Interesting thing happens when it comes to boxing and movies. Go on, name five great world-beating boxers. Right, now name five actors who have played supposedly world-beating boxers in boxing movies.

You notice a colour difference?

That's one of the nice twists about Creed. It's standing on the shoulders of a boxing movie giant, that deathless underdog, Rocky Balboa, as created in the 1976 crowd-pleasing classic by Sylvester Stallone and then revived in five increasingly ridiculous sequels for the next 30 years.

And as its name suggests, it's got something to do with Rocky's old African-American sparring partner, the Ali-like Apollo Creed (Carl Weathers) who died in the ring in Rocky IV.

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But Creed is also a film about black kid, well, doing a Rocky.

That's Adonis Johnson (Michael B.Jordan), a guy who has turned his back on his adopted 90210 life in California to become a fighter ... because, well, it runs in the family.

Which might make it sound like this will soon veer into the territory that made this year's Southpaw a punch-drunk melodrama.

It comes close, care of what is going on in the life of the aging Balboa (Stallone in an affecting performance), widowed and running a restaurant back in his old Philly neighbourhood.

Johnson has sought him out as trainer. They are soon headed into the big time.

But for all its predictability, and its cliches, Creed is still a fresh, exciting boxing drama all its own, while easily being the best Rocky movie in nearly 40 years.

It helps that writer-director Ryan Coogler, who directed Jordan in Fruitvale Station and who went to Stallone with his idea for his next generation Rocky spin-off, doesn't let his respect for the original stop this telling his own story and ensuring Jordan remains the star.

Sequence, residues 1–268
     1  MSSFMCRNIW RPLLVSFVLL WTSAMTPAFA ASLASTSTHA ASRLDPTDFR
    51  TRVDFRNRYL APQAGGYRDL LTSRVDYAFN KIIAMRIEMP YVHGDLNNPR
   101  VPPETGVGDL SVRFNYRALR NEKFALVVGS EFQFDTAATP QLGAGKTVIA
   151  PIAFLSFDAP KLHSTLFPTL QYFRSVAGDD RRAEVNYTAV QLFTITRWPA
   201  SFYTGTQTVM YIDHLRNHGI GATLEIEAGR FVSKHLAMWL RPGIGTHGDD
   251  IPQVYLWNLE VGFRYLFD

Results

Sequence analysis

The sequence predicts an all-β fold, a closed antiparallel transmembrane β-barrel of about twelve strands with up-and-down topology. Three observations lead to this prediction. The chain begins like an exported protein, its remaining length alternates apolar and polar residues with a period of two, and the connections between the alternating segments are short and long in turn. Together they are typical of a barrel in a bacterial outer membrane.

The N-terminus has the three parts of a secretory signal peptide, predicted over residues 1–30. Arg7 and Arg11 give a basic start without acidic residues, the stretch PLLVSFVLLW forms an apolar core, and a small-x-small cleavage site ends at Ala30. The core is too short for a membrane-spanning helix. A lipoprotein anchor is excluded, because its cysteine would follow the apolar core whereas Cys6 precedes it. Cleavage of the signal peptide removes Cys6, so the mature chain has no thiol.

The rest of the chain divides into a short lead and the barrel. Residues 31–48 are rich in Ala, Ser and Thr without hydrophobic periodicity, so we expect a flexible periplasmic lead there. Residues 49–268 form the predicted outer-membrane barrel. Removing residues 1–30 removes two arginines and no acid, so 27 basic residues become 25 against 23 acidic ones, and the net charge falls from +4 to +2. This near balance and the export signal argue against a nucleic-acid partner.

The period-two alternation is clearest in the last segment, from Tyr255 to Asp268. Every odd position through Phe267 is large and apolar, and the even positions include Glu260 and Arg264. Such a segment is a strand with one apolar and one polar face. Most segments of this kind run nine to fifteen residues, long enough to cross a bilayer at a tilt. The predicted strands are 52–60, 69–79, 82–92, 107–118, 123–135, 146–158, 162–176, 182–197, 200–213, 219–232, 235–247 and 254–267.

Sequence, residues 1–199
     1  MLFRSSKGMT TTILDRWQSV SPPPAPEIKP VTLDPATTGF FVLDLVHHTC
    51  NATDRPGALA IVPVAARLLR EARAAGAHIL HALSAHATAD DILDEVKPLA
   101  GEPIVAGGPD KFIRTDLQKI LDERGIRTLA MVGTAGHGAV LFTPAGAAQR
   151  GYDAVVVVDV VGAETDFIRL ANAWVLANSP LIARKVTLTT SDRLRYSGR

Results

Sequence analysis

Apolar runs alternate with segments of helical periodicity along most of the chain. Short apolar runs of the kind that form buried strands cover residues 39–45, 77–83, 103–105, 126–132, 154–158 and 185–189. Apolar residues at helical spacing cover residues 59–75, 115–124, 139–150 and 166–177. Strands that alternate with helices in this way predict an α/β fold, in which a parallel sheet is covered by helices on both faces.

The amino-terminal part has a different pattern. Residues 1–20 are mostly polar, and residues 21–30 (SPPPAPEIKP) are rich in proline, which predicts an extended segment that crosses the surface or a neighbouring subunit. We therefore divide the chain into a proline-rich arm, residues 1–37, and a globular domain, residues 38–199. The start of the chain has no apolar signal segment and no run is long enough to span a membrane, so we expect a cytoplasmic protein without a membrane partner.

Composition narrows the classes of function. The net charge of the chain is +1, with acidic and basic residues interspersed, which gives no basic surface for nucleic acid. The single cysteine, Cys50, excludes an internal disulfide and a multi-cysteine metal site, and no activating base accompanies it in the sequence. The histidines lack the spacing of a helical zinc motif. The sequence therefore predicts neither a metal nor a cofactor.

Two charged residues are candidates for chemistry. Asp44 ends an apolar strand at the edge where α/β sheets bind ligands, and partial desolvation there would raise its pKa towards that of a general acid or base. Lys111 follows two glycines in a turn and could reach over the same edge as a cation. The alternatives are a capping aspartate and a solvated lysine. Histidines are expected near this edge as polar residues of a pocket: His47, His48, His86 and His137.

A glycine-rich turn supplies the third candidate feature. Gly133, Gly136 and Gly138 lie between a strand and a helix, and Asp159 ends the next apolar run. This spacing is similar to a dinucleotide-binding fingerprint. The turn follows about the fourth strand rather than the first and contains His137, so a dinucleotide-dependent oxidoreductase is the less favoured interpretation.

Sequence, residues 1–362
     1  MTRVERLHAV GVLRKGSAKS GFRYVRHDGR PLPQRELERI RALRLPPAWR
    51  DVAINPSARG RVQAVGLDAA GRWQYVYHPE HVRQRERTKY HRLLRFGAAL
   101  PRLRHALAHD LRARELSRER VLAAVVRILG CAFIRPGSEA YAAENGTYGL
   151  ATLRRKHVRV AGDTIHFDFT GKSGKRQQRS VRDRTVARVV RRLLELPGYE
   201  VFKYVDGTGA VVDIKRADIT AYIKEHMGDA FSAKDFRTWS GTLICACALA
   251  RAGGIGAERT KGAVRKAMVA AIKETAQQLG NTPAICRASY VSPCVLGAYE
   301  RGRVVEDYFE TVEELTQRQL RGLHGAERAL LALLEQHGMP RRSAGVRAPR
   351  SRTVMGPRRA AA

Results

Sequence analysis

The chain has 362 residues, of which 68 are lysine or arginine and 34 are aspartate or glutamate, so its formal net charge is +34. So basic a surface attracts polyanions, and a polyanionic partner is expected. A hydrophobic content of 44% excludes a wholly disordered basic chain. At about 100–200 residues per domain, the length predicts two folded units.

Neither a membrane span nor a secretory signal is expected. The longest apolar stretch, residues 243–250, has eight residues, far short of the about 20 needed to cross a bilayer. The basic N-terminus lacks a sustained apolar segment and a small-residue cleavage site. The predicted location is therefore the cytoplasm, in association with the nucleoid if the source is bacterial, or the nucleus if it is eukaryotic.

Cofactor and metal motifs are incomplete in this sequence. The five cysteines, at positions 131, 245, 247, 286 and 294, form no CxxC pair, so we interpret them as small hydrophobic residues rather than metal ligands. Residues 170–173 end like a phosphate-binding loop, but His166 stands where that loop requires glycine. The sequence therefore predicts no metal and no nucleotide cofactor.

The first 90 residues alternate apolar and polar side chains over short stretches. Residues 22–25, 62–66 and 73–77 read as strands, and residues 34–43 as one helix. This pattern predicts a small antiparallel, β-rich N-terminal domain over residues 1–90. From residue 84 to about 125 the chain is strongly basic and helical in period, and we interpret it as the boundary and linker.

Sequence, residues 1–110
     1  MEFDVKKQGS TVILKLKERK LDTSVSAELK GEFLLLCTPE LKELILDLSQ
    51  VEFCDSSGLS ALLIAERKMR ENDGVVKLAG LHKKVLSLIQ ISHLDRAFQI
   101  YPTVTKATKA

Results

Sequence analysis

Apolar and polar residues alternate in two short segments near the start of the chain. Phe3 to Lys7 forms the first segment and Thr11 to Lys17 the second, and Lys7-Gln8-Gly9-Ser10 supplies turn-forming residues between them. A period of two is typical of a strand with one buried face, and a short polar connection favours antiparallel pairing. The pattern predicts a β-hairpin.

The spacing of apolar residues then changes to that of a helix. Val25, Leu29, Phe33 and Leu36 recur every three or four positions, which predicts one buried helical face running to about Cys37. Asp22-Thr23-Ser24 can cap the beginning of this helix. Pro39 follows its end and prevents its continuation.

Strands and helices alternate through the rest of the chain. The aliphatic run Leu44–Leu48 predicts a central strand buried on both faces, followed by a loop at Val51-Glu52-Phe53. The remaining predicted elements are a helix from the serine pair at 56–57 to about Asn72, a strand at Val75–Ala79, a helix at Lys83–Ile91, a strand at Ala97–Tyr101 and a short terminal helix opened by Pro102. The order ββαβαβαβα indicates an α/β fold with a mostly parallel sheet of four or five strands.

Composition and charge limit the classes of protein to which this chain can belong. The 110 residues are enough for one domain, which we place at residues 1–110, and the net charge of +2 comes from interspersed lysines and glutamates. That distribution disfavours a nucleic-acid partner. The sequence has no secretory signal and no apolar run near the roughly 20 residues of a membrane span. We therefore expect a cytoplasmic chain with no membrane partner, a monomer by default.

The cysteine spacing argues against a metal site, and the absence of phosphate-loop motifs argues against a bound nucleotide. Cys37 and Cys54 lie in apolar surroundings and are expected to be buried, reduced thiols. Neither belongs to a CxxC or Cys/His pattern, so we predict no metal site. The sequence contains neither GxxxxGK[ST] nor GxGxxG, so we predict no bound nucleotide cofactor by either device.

Though he also rewards fans' affections for the '76 film, teasing them with the massed trumpets of the original theme as Jordan pounds his way in his grey sweats through the streets of Philly - and yes, there is a scene on those famous steps at the Philadelphia Museum of Art and it's a doozie.

Those fight scenes of his are something too. One match is rendered as a single two-round long-take that impresses for its camera choreography.

But what makes Creed work is that it's not just about the bouts.

The scenes about the film's main relationships - the one between Johnson and the coach he calls "Unc", and the sweetly romantic one between Johnson and Bianca (a vibrant Tessa Thompson), the musician from downstairs - aren't there to be filler between rounds.

They're the meat of the movie.

Sure, this being Philly there's fair dollop of cheese with that steak. But Creed still packs a surprising punch.

Verdict: Yes, a knock-out.


Cast: Michael B. Jordan, Sylvester Stallone, Tessa Thompson

Director: Ryan Coogler

Running time: 133 mins

Rating: M (violence, offensive language)